IDK if a name change can change one’s past & give you a fresh start. Because a large percentage of the problem is the fact that other people from your past will not let you move on. You could have been sexually promiscuous in high school, go off to college and figure out that’s not what you want to do anymore. And change. You can then go back to your hometown and they will not let you forget. They will remind you on your FB wall or on Twitter. So even with a name change, if people remember, they will remind you of what you used to do/who you used to be.

I think we have to change the culture. We as a people want others to forget our past but we will not forget others’ past…just in case one needs to be “brought down to size”. You know what I mean?

That’s a great point – if you stay in an area where folks know you & your bad behavior, then they will always remind you of it, or at least remember it. You can’t start over in that situation.

I don’t think a name change is the answer (but on the other hand, I’ve never done anything to warrant one).

I think the key to overcoming or getting past things–should one need to do so–is to own it. As you know, I write on the side while occupying a job in the real world since this journalism thing doesn’t pay the bills. I’ve tackled some pretty controversial and taboo topics in my day. I don’t hide from them (Google won’t allow me to), so I talk about them–openly. During interviews, I throw out a lot of the controversial topics I’ve covered and I include a few pieces in my portfolio since they were well written and included substance. It seems to work for me, but again, I’m not ashamed of anything I’ve written.

If you’ve done something your ashamed of, a name change might be in order. Or at the very least, a change in the name that appears on your resume. I’m of the school of thought that telling somebody the bad stuff before they get a chance to find out a bout it is always better than letting them find out and be surprised.

“telling somebody the bad stuff before they get a chance to find out a bout it is always better than letting them find out and be surprised.”

exactly. I don’t believe in name changes because it attempts to erase the past. Which is not only a futile effort, but counter-productive to growth. The past needs to be there because it documents your progression. I have plenty of regrets, but I don’t want to pretend that those things never happened, because I’ve learned from them.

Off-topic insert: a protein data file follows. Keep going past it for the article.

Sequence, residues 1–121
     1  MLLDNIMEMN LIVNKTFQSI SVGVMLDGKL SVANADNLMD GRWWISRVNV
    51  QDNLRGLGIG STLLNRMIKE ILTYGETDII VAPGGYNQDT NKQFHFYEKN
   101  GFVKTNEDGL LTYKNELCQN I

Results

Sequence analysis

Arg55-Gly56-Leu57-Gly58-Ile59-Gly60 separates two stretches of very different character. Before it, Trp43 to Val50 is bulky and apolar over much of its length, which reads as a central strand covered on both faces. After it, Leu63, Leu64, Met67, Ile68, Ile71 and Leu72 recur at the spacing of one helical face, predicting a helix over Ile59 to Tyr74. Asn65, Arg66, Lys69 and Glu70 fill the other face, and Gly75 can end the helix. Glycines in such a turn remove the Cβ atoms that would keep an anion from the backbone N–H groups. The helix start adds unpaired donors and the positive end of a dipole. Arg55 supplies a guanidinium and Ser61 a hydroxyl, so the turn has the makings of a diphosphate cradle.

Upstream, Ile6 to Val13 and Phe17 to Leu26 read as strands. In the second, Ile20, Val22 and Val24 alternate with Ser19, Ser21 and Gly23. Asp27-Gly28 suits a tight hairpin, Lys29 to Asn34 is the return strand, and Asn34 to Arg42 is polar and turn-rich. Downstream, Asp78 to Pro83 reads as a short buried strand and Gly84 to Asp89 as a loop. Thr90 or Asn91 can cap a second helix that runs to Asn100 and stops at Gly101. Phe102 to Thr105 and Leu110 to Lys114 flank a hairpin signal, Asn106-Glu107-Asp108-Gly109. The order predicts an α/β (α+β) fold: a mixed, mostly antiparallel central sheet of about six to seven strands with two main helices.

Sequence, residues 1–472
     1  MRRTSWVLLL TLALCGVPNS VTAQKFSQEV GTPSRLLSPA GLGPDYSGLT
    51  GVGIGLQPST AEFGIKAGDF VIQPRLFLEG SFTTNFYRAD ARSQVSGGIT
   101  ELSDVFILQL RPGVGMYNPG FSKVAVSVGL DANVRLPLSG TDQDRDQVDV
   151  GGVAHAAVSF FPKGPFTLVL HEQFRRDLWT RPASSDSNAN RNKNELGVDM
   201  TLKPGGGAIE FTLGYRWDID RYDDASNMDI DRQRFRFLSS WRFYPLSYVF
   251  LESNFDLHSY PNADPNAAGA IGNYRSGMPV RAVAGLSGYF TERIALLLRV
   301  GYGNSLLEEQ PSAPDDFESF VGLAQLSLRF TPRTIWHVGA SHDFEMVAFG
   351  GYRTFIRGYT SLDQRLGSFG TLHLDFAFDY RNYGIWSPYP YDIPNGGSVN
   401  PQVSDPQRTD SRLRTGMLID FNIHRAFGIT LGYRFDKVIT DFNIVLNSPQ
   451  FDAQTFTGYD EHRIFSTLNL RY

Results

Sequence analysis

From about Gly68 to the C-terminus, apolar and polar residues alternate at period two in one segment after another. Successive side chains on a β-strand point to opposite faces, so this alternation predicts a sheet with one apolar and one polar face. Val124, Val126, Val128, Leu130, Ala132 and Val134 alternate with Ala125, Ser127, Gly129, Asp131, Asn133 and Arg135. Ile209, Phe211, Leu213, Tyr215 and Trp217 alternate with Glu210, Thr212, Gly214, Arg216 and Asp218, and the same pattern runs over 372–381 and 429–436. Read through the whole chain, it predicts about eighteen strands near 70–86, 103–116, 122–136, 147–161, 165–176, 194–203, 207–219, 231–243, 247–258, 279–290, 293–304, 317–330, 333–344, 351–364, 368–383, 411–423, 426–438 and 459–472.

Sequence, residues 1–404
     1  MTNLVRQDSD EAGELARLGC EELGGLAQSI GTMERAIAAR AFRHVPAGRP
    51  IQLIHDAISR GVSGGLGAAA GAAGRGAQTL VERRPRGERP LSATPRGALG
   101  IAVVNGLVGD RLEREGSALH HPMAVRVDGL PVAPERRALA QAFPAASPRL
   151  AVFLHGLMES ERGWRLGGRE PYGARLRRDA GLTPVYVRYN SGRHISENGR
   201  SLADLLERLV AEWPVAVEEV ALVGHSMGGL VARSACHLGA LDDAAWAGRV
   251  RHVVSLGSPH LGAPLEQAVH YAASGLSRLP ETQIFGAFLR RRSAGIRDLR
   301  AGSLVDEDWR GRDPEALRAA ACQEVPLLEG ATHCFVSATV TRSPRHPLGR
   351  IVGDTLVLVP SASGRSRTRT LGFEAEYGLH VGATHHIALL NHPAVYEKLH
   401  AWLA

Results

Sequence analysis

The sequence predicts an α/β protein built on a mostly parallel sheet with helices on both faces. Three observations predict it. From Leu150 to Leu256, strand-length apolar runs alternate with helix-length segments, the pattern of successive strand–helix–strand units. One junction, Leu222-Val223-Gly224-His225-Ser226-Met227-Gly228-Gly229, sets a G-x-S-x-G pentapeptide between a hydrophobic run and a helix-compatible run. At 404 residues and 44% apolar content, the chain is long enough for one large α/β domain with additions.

Everyone should be able to accept that others’ have pasts, and they should let that past stay there in the past.

I also am a “it was written” kind of person, so I believe everything in the past was meant to happen

I actually agree with this and it is part of the reason i never use my real name online and change my online name every few years. It would be great to do this in the real world if the baggage didn’t follow you but you know what they say a rose by any other name

C’est la vie

Like LM said there will ALWAYS be someone from your past waiting in the wings to remind you of the dumb, silly, embarrassing ISH you did umpteen years ago.

i think a name change can give you a do over depending on the circumstances. does the name change involve a move to where a lot of people don’t know you? if not then i doubt it would help matters. i think i agree with the idea that people just need to be more careful with protecting their image and brand. too many people live for today without thinking about how their actions might affect them in future.

btw, i never knew airtran used to be valuejet. you learn something new everyday. not that i ever flew airtran. they don’t fly to nashville.